National Volunteer Week: Meet Dave Kolstad

This week is National Volunteer Week!  Volunteers play a vital role here at Cloud & Fire and their time, support and efforts are greatly appreciated by staff and students alike. Our volunteers participate in admin assistance, tutoring, handyman work, events and much more. We welcome anyone interested in helping students to survive, strive and thrive!

If you’ve ever been to Cloud & Fire, then chances are you’ve met Dave Kolstad, one of our most faithful volunteers. Dave is bursting at the seams with information and stories of his adventures from all over the world. Check out what he had to say about the time he invests in our program:

Dave cheers on a student as they successfully solve a math problem they were struggling with. Next to him is a another one of our wonderful volunteers Livia.

How long have you been volunteering with us?

Three years I think.  I’d have to stop and compute, but I’m pretty sure it’s been three years now.

How did you first hear about Cloud & Fire?

I go to Bel Air Presbyterian Church, which is a big supporter of Cloud & Fire, and so I probably heard about you through them. I also met Melody (Cloud & Fire’s Founder and Executive Director) a few times there and once I retired I thought, “What am I going to do with myself?”

What made you want to get involved here at Cloud & Fire?

Well, two things: I needed to do something meaningful with my time after retirement. The second is that I see kids who for one reason or another have had their education messed up but they’re trying to get themselves back on track and I want to help them.

In what ways do you volunteer?

The big time thing this year has been tutoring. I’m not a teacher, I’m a tutor and the difference is that I help people usually one-on-one or two-and-three-on-one. I don’t have to come up with the lessons I just follow along with what the teacher is already teaching. In years before this I would do that as well as handyman work. So if I saw some light bulbs out or something I would fix it. I did teach a woodworking class my second year but the trouble with that was coming up with something and then getting people to actually do it. I’m much better as a tutor.

What are, if any, some of the challenges you face as a volunteer and how do you overcome them?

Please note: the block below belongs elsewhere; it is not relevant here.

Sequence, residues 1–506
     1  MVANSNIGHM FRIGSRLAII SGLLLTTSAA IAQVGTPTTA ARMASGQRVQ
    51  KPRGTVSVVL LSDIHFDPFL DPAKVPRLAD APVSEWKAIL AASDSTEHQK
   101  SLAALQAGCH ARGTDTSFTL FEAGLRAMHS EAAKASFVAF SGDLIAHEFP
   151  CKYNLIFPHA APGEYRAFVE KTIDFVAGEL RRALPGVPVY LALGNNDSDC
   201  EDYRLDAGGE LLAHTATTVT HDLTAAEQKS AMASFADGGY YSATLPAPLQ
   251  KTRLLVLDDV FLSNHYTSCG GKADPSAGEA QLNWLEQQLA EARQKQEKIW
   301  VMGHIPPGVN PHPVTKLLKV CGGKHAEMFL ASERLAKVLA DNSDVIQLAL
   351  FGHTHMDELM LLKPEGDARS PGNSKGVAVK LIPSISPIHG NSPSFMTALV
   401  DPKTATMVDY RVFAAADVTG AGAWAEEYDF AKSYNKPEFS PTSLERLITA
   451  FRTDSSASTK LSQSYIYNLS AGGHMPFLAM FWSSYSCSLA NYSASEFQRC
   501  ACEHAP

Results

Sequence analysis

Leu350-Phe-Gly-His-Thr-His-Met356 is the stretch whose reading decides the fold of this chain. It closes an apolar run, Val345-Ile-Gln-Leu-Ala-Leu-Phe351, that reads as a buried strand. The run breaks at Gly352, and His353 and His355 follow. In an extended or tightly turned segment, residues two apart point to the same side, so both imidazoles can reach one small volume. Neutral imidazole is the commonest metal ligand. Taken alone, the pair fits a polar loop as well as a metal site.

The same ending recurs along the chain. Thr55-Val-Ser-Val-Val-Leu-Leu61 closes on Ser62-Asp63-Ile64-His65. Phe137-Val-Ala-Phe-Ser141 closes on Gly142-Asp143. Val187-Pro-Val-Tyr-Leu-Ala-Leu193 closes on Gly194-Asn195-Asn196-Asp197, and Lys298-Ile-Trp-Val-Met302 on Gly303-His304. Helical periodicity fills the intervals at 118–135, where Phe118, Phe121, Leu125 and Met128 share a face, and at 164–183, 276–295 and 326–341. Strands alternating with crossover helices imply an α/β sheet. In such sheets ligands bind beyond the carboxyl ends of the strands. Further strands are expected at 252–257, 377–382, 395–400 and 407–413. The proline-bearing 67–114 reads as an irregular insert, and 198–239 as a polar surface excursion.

Of course, the bigger issues are some students are still kids and they haven’t quite recognized that they have to get it together just yet. It’s harder to work with those types of students but it’s a matter working past that and at times asking the teachers for assistance. But the attitude problems aren’t significant. They do happen, but with a really small number of the students who are here. Most of them are trying to do better and are simply struggling.

I learned something maybe a year or so ago from a newspaper article. It touched on math, which is a subject I tend to assist with predominantly here. It said that if you don’t get comfortable with the basics of math early on in childhood you will likely not be comfortable later on. None of these kids are comfortable with math and giving them comfortability is a real struggle—but it’s worth trying to accomplish. It’s like learning how to swim. Once you’re comfortable with the water the rest of it comes easy, but until you’re comfortable with the water it’s impossible. And these kids are not comfortable in the waters of math just yet and I want to help them do better.

What do you enjoy most about volunteering?

To see kids get the material. Because most of them are fine people, but just don’t believe that they are or that they can because they don’t hear it that often. It’s good to be a part of helping them believe in themselves and know that they can get the material.

Interested in joining Dave and the rest of our wonderful volunteers–make your own positive imprint on a student’s life. Contact Claire at or visit our website for more details.